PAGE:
€STR Wars: Attack of the Clones

Dr Elliot Banks, Chief Product Officer, BMLL

A key feature of exchange traded futures is that typically nearly all liquidity for a given product is on a single exchange. Liquidity moving from one exchange to another, or on multiple exchanges simultaneously, is a rare occurrence. When liquidity does move from one exchange to another, the results can be rapid and permanent - the collapse of the LIFFE floor when German government bonds moved to Eurex in the late 90s is the classic example.

The recent rise of the futures linked to the Euro short-term rate (€STR) futures contract, with contracts on ICE, CME and Eurex, is therefore highly unusual. Understanding this liquidity is essential to market participants, in order to minimise the cost of trade, find liquidity and hedge efficiently.

Similar to the transition from LIBOR to SONIA, Eurozone short-term benchmarks are transitioning from EURIBOR to €STR. We are now seeing ‘the rise of the clones’ with contracts on ICE, CME and Eurex, all trying to gain liquidity and market share in €STR futures. At the start of November 2023, ICE launched the liquidity program on their €STR future, and here we assess the liquidity and behaviour since the contract launch.

Where are the futures trading?

We start by assessing traded volume. We can see that, whilst ICE has had a good market share, it has actually raised volumes in Eurex too, as shown in the below plots.

Fig 1: Traded volumes of €STR futures on ICE, CME and Eurex

Fig 2: Market share of €STR futures on ICE, CME and Eurex

The market share is reflected in the ICE and Eurex spreads, which are tighter than CME on average.

Fig 3: Average spread of contracts of €STR futures on ICE, CME and Eurex.

At this point, it is worth noting that EURIBOR still dominates the overall Euro STR market, and the majority of liquidity is still on ICE EURIBOR futures. This is because, unlike the other benchmark transitions (such as LIBOR), there is no deadline for firms to transition from EURIBOR, and the futures contracts have only recently launched. However, the steady growth of the €STR futures suggests that we will continue to see more liquidity move across to these new products.

Fig 4: EURIBOR and €STR traded volumes

Going deeper reveals further insights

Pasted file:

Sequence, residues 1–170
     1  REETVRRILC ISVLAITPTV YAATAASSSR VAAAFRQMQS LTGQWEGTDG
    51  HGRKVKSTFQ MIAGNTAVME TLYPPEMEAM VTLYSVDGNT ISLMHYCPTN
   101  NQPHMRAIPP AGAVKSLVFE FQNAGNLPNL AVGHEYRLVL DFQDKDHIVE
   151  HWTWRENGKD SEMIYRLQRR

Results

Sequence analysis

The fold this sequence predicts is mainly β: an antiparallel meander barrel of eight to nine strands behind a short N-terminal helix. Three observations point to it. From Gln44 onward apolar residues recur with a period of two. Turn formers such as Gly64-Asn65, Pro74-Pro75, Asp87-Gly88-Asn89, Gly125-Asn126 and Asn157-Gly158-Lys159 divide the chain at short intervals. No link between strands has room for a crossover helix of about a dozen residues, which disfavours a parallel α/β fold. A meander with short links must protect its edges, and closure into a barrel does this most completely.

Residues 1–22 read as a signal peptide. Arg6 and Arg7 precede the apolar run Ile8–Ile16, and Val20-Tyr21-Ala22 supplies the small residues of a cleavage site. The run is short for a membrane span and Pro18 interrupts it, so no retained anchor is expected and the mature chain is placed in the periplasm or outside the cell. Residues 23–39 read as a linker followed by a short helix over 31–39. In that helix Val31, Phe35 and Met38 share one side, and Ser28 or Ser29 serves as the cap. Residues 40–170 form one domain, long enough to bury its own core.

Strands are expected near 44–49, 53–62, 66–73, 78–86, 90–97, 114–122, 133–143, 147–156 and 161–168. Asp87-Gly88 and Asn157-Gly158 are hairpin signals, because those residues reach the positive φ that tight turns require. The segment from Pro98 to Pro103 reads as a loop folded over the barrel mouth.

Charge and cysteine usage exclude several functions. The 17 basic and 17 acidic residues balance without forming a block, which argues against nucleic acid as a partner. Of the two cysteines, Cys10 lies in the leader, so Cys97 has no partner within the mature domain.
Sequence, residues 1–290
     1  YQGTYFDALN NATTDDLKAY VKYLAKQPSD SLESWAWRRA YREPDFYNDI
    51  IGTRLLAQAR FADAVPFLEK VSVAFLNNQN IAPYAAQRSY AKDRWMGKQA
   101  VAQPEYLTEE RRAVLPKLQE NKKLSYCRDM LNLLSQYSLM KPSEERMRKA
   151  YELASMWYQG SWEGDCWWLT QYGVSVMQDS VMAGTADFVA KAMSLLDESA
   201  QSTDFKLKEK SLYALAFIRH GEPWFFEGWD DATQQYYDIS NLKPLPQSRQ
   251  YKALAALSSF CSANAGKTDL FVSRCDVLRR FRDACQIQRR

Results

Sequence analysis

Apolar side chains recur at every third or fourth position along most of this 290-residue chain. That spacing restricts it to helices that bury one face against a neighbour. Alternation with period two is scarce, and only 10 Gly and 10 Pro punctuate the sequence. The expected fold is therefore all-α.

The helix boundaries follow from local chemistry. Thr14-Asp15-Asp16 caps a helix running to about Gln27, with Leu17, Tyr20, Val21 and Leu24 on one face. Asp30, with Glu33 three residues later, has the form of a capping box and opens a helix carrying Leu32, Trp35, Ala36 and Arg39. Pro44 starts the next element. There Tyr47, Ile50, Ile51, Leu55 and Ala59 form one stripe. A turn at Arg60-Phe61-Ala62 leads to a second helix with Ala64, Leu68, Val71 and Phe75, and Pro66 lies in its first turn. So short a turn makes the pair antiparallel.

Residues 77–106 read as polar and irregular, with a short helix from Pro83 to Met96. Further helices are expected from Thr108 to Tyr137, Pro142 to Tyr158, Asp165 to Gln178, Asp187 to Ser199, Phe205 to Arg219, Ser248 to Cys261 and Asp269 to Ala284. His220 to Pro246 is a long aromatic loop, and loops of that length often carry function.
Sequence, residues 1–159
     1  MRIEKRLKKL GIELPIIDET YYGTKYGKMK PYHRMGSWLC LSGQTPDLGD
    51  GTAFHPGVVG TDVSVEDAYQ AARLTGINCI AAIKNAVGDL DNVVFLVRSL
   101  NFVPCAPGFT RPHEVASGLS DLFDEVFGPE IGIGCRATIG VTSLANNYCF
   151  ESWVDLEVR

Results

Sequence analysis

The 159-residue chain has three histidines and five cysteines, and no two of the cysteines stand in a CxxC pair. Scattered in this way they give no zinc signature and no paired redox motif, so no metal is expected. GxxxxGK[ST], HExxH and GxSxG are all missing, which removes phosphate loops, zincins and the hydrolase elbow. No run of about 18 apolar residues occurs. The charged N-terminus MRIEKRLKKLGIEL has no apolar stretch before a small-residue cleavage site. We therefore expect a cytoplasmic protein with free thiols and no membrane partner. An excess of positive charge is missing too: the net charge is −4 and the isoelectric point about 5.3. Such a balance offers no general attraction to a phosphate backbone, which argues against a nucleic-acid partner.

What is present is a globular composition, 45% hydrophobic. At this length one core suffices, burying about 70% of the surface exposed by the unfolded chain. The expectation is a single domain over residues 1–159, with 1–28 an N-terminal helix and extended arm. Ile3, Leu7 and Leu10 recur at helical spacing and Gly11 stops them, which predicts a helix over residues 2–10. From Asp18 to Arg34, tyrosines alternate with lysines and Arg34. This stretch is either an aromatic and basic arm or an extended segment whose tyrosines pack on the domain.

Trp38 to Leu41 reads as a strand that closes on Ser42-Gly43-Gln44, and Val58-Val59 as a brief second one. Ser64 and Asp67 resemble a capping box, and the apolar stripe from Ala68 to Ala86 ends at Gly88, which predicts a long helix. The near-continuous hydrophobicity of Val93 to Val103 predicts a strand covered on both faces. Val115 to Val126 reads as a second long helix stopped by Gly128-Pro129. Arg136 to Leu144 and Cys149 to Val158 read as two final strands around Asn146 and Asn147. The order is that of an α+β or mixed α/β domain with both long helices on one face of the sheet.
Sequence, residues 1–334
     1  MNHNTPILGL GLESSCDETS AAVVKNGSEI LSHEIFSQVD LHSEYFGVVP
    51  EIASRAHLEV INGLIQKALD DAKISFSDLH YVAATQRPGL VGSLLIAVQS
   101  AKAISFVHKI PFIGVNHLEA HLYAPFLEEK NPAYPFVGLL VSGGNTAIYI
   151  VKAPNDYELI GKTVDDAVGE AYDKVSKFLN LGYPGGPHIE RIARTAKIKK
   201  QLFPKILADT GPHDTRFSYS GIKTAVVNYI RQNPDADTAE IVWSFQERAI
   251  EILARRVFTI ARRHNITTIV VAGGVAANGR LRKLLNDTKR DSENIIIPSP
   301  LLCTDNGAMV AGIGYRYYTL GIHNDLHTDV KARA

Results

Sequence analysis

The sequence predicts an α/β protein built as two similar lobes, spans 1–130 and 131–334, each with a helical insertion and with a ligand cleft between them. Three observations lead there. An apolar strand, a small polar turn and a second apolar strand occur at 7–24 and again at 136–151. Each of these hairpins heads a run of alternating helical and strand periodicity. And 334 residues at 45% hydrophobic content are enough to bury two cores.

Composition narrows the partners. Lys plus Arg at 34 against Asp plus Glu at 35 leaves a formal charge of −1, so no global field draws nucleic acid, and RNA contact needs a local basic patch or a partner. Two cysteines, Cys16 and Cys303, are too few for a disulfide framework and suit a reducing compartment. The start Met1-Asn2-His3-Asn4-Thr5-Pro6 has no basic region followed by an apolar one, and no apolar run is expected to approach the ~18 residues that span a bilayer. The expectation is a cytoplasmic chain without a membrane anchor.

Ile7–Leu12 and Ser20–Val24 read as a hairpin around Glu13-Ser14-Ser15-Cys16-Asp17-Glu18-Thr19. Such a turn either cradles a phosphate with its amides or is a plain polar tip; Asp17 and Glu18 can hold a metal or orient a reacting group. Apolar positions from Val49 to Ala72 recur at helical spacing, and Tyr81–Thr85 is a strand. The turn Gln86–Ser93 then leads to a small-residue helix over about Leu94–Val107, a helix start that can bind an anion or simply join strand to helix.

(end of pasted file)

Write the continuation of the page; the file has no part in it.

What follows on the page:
Looking beyond the top of the order book, using Level 3 data, we can gain further insights. If we look at the activity level (defined as the number of updates in the order book), we can see that ICE has significantly more order book updates than Eurex. This possibly suggests a difference in structure between the contracts, or differing participant behaviour.

Fig 5: Activity levels of €STR futures

To understand this further, it is important to note there are unique features for each €STR product. For example, firms trading the CME future can margin offset against SOFR futures (a highly liquid rates future). Similarly, a feature of the ICE product is the ability to trade inter-product spread futures between EURIBOR (a highly liquid future traded on ICE) and €STR.

Given the difference in order book activity between ICE and Eurex, we can ask an important question - has the €STR-EURIBOR inter-product spread acted as a source of liquidity on the €STR contract?

Looking at the data, the answer is yes. First we see that a significant portion of the volume is on the inter-product spread. Secondly, by analysing all ICE €STR futures, we find that more than a third of top of book liquidity on the €STR futures comes from implied orders. Participants are therefore using the inter-product spreads on ICE, which may offer an explanation for the difference in activity between the ICE and Eurex futures. Tracking how this evolves will be important to understand the liquidity on each exchange, especially as volumes grow.

Fig 6: Break down of ICE €STR trading volumes

Understanding where liquidity lies will be crucial

As €STR continues to grow and gain market share, understanding the liquidity profile of competing €STR futures on ICE, CME and Eurex will be critical for market participants to trade better. Whilst it is early days in the battle for this market, already we are seeing differences in liquidity levels, depth of book and trading behaviour across the three markets. Using Level 3 Data, firms can be in a better position to truly understand where to best trade these new futures. The €STR wars have just begun.